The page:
|Application ||WB, FC, IF, IHC-P, E|
|Calculated MW||51641 Da|
|Antigen Region||111-140 aa|
|Other Names||E3 ubiquitin-protein ligase parkin, 632-, Parkinson juvenile disease protein 2, Parkinson disease protein 2, PARK2, PRKN|
|Target/Specificity||This Parkin antibody is generated from rabbits immunized with a KLH conjugated synthetic peptide between 111-140 amino acids from the N-terminal region of human Parkin.|
|Format||Purified polyclonal antibody supplied in PBS with 0.09% (W/V) sodium azide. This antibody is purified through a protein A column, followed by peptide affinity purification.|
|Storage||Maintain refrigerated at 2-8°C for up to 2 weeks. For long term storage store at -20°C in small aliquots to prevent freeze-thaw cycles.|
|Precautions||Parkin Antibody (N-term) is for research use only and not for use in diagnostic or therapeutic procedures.|
|Function||Functions within a multiprotein E3 ubiquitin ligase complex, catalyzing the covalent attachment of ubiquitin moieties onto substrate proteins, such as BCL2, SYT11, CCNE1, GPR37, RHOT1/MIRO1, MFN1, MFN2, STUB1, SNCAIP, SEPT5, TOMM20, USP30, ZNF746 and AIMP2 (PubMed:10973942, PubMed:10888878, PubMed:11431533, PubMed:12150907, PubMed:12628165, PubMed:16135753, PubMed:21376232, PubMed:23754282, PubMed:23620051, PubMed:24660806, PubMed:24751536). Mediates monoubiquitination as well as 'Lys-6', 'Lys-11', 'Lys-48'-linked and 'Lys-63'-linked polyubiquitination of substrates depending on the context (PubMed:19229105, PubMed:20889974, PubMed:25621951). Participates in the removal and/or detoxification of abnormally folded or damaged protein by mediating 'Lys-63'-linked polyubiquitination of misfolded proteins such as PARK7: 'Lys-63'- linked polyubiquitinated misfolded proteins are then recognized by HDAC6, leading to their recruitment to aggresomes, followed by degradation (PubMed:17846173, PubMed:19229105). Mediates 'Lys-63'- linked polyubiquitination of a 22 kDa O-linked glycosylated isoform of SNCAIP, possibly playing a role in Lewy-body formation (PubMed:11590439, PubMed:11431533, PubMed:19229105, PubMed:11590439, PubMed:15728840). Mediates monoubiquitination of BCL2, thereby acting as a positive regulator of autophagy (PubMed:20889974). Promotes the autophagic degradation of dysfunctional depolarized mitochondria (mitophagy) by promoting the ubiquitination of mitochondrial proteins such as TOMM20, RHOT1/MIRO1 and USP30 (PubMed:19029340, PubMed:19966284, PubMed:23620051, PubMed:24896179, PubMed:25527291). Preferentially assembles 'Lys-6'-, 'Lys-11'- and 'Lys-63'-linked polyubiquitin chains following mitochondrial damage, leading to mitophagy (PubMed:25621951). Mediates 'Lys-48'-linked polyubiquitination of ZNF746, followed by degradation of ZNF746 by the proteasome; possibly playing a role in the regulation of neuron death (PubMed:21376232). Limits the production of reactive oxygen species (ROS). Regulates cyclin-E during neuronal apoptosis. In collaboration with CHPF isoform 2, may enhance cell viability and protect cells from oxidative stress (PubMed:22082830). Independently of its ubiquitin ligase activity, protects from apoptosis by the transcriptional repression of p53/TP53 (PubMed:19801972). May protect neurons against alpha synuclein toxicity, proteasomal dysfunction, GPR37 accumulation, and kainate-induced excitotoxicity (PubMed:11439185). May play a role in controlling neurotransmitter trafficking at the presynaptic terminal and in calcium-dependent exocytosis. May represent a tumor suppressor gene.|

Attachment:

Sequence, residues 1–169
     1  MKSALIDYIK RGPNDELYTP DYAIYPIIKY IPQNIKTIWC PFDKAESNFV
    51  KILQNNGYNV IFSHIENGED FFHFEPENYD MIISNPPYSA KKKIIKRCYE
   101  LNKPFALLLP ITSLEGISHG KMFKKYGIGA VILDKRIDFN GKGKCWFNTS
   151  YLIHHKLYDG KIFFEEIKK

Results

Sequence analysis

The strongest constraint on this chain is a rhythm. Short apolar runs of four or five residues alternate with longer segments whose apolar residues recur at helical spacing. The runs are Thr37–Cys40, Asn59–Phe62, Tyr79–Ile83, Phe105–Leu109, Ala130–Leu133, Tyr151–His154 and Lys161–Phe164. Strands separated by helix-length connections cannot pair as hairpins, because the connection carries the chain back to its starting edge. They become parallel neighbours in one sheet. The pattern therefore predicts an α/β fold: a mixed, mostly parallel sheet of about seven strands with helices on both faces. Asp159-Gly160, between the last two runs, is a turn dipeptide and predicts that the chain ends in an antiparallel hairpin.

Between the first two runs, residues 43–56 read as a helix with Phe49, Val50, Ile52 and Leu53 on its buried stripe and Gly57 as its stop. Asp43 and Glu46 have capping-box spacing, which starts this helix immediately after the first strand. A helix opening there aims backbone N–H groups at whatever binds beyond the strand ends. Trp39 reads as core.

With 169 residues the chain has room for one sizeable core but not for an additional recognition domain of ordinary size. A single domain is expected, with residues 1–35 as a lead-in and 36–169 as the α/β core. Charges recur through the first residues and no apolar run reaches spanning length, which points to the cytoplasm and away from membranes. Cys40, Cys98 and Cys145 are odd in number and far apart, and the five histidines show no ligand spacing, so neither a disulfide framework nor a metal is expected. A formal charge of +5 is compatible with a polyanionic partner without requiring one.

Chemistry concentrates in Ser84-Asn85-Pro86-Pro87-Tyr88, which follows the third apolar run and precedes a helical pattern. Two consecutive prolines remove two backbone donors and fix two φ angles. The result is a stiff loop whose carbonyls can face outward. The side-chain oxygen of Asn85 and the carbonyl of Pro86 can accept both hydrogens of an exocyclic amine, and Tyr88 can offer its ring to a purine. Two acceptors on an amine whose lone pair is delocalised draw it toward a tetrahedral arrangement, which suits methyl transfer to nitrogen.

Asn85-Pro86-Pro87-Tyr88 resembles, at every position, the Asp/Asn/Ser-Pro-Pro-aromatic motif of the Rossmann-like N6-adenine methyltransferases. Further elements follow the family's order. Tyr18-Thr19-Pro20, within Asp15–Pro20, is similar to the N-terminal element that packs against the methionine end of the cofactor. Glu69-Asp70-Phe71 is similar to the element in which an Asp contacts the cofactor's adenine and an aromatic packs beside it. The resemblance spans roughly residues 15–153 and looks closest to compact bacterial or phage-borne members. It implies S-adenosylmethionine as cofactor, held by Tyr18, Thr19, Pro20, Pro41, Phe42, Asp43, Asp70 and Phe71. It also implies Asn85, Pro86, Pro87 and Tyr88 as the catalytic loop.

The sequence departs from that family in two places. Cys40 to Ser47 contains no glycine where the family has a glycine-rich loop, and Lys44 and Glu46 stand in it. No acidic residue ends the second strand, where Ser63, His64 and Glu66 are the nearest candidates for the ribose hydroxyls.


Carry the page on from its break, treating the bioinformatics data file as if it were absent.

|Cellular Location||Cytoplasm, cytosol. Nucleus. Endoplasmic reticulum Mitochondrion. Note=Mainly localizes in the cytosol. Co-localizes with SYT11 in neutrites. Co-localizes with SNCAIP in brainstem Lewy bodies. Mitochondrial localization gradually increases with cellular growth. Also relocates to dysfunctional mitochondria that have lost the mitochondrial membrane potential; recruitment to mitochondria is PINK1- dependent|
|Tissue Location||Highly expressed in the brain including the substantia nigra. Expressed in heart, testis and skeletal muscle Expression is down-regulated or absent in tumor biopsies, and absent in the brain of PARK2 patients. Overexpression protects dopamine neurons from kainate-mediated apoptosis. Found in serum (at protein level).|
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Parkinson is the second most common neurodegenerative disease after Alzheimers. About 1 percent of people over the age of 65 and 3 percent of people over the age of 75 are affected by the disease. The mutation is the most common cause of Parkinson disease identified to date. The function of Park2 is not well-known; however, it may play a role in the ubiquitin-mediated proteolytic pathway. Mutations in this gene are known to cause autosomal recessive juvenile parkinsonism. Alternative splicing of this gene produces three known products of undetermined function.
Kumru, H., et al., Ann. Neurol. 56(4):599-603 (2004). Pigullo, S., et al., Parkinsonism Relat. Disord. 10(6):357-362 (2004). Yao, D., et al., Proc. Natl. Acad. Sci. U.S.A. 101(29):10810-10814 (2004). West, A.B., et al., J. Biol. Chem. 279(28):28896-28902 (2004). Wang, F., et al., Genes Chromosomes Cancer 40(2):85-96 (2004).
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